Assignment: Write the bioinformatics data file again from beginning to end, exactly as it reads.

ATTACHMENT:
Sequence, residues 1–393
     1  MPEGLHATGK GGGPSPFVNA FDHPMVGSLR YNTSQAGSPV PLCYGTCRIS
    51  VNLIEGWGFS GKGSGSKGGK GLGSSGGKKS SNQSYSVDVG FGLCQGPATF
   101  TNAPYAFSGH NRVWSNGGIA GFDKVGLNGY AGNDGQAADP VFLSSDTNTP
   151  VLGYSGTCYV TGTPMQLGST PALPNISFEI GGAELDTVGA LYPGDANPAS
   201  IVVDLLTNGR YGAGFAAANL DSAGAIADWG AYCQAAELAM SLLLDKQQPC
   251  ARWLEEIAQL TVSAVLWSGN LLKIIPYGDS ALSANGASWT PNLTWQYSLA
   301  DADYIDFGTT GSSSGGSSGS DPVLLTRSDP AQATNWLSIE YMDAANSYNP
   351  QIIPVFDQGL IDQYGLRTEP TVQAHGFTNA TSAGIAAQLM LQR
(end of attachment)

Sequence, residues 1–393
     1  MPEGLHATGK GGGPSPFVNA FDHPMVGSLR YNTSQAGSPV PLCYGTCRIS
    51  VNLIEGWGFS GKGSGSKGGK GLGSSGGKKS SNQSYSVDVG FGLCQGPATF
   101  TNAPYAFSGH NRVWSNGGIA GFDKVGLNGY AGNDGQAADP VFLSSDTNTP
   151  VLGYSGTCYV TGTPMQLGST PALPNISFEI GGAELDTVGA LYPGDANPAS
   201  IVVDLLTNGR YGAGFAAANL DSAGAIADWG AYCQAAELAM SLLLDKQQPC
   251  ARWLEEIAQL TVSAVLWSGN LLKIIPYGDS ALSANGASWT PNLTWQYSLA
   301  DADYIDFGTT GSSSGGSSGS DPVLLTRSDP AQATNWLSIE YMDAANSYNP
   351  QIIPVFDQGL IDQYGLRTEP TVQAHGFTNA TSAGIAAQLM LQR